The role of national policies intended to regulate adolescent smoking in explaining the prevalence of daily smoking: A study of adolescents from 27 European countries.

Christina Warrer Schnohr, Svend Kreiner, Mette Rasmussen, Pernille Due, Candace Currie, Finn Diderichsen

    Publikation: Bidrag til tidsskriftTidsskriftartikelForskningpeer review

    Resumé

    Udgivelsesdato: 2008-May
    OriginalsprogEngelsk
    TidsskriftAddiction
    Vol/bind103
    Udgave nummer5
    Sider (fra-til)824-31
    Antal sider7
    ISSN0965-2140
    DOI
    StatusUdgivet - 2008

    Fingeraftryk

    Smoking
    Health Behavior
    Databases
    Israel
    North America
    Longitudinal Studies
    Odds Ratio

    Citer dette

    @article{cfa7c54057ec11ddb1a1000ea68e967b,
    title = "The role of national policies intended to regulate adolescent smoking in explaining the prevalence of daily smoking: A study of adolescents from 27 European countries.",
    abstract = "AIMS: This study seeks to examine whether contextual factors influence adolescents' daily smoking. A focus was placed on three modifiable policies operating at a national level, non-smoking policy at educational facilities, price and minimum age for buying tobacco. DESIGN: This study is based on a merged data set consisting of the 2001/02 Health Behavior in School-aged Children (HBSC) study and national-level data collected from the 2003 WHO European Tobacco Control Database and the World Development Indicators Database. HBSC is an international study including adolescents from 32 countries in Europe, Israel and North America. Data were analysed with multi-level hierarchical regression models. FINDINGS: The study found large differences in the prevalence of daily smoking among adolescents, and also large differences between boys and girls within some countries. The study found that smoking bans in schools were associated with lower odds ratios of daily smoking, which was the one positive association in the study. The study found no association between cigarette prices and adolescent daily smoking prevalence, and also the somewhat unexpected finding that having an age limit for allowing adolescents to purchase tobacco was associated with an increased risk of daily smoking. CONCLUSIONS: There was an association between mandatory national bans on smoking and lower smoking prevalence. This should be confirmed by studies that examine whether mandatory bans are more rigorously implemented than voluntary bans. If this association is causal, introducing mandatory bans may reduce adolescent smoking prevalence. The findings that price was unrelated to smoking prevalence undermine findings elsewhere that adolescent smokers are more price-sensitive than adult smokers, but longitudinal studies are needed.",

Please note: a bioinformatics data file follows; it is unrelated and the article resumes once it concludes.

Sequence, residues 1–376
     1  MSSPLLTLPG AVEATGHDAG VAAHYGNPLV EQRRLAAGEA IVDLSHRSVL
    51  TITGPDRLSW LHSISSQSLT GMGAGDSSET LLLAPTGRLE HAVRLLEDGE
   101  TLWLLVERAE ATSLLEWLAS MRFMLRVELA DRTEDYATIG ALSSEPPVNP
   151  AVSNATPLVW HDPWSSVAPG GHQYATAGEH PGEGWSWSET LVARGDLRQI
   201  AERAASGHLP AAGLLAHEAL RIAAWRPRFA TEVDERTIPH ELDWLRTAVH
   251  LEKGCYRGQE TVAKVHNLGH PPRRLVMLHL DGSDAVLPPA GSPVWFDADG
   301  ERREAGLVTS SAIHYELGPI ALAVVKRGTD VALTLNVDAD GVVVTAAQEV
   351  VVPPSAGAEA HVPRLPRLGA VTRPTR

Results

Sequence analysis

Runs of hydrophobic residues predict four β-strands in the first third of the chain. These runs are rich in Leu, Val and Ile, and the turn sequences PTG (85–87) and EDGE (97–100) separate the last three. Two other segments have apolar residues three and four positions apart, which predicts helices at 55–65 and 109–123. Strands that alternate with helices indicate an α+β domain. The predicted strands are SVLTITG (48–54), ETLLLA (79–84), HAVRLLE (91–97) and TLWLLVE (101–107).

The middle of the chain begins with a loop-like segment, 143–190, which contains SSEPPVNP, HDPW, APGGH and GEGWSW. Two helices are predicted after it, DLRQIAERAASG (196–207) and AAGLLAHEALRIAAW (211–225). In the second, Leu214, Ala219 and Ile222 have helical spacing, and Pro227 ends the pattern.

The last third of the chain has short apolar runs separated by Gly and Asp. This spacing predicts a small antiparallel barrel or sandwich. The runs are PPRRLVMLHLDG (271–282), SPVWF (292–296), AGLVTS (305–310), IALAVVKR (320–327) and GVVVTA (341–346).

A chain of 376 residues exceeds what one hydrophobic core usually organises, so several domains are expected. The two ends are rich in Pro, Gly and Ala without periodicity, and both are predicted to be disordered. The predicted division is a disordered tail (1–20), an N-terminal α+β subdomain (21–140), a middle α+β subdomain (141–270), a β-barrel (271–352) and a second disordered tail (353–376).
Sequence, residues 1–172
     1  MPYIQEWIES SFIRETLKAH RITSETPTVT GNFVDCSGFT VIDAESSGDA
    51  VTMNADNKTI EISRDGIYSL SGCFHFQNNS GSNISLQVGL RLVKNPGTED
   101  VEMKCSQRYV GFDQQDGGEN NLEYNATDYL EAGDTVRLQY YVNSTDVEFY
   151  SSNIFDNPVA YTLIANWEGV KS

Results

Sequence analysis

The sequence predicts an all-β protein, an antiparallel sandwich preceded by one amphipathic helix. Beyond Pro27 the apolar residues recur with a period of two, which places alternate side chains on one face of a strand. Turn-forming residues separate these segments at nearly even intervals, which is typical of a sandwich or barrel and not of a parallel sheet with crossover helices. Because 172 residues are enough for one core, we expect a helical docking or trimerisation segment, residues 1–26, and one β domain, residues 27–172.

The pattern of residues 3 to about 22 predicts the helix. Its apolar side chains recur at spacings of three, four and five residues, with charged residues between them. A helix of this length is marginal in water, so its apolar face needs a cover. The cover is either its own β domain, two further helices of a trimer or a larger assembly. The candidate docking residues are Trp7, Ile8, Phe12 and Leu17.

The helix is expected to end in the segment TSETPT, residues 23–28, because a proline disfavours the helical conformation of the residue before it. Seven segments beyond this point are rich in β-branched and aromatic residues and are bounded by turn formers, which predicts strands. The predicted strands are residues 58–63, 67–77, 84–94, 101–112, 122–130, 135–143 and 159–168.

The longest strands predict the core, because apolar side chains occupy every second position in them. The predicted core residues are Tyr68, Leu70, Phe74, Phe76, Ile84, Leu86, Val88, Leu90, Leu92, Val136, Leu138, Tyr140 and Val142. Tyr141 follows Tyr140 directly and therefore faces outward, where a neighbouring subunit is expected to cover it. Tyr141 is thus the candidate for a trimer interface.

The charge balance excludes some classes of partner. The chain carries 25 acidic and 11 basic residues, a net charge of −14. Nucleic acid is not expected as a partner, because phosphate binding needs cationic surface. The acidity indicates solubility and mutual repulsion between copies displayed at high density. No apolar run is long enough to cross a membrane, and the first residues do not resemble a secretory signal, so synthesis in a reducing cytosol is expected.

author = "Schnohr, {Christina Warrer} and Svend Kreiner and Mette Rasmussen and Pernille Due and Candace Currie and Finn Diderichsen",
    year = "2008",
    doi = "10.1111/j.1360-0443.2008.02161.x",
    language = "English",
    volume = "103",
    pages = "824--31",
    journal = "Addiction",
    issn = "0965-2140",
    publisher = "Wiley-Blackwell",
    number = "5",

    }

    The role of national policies intended to regulate adolescent smoking in explaining the prevalence of daily smoking: A study of adolescents from 27 European countries. / Schnohr, Christina Warrer; Kreiner, Svend; Rasmussen, Mette; Due, Pernille; Currie, Candace; Diderichsen, Finn.

    I: Addiction, Bind 103, Nr. 5, 2008, s. 824-31.

    Publikation: Bidrag til tidsskriftTidsskriftartikelForskningpeer review

    TY - JOUR

    T1 - The role of national policies intended to regulate adolescent smoking in explaining the prevalence of daily smoking: A study of adolescents from 27 European countries.

    AU - Schnohr, Christina Warrer

    AU - Kreiner, Svend

    AU - Rasmussen, Mette

    AU - Due, Pernille

    AU - Currie, Candace

    AU - Diderichsen, Finn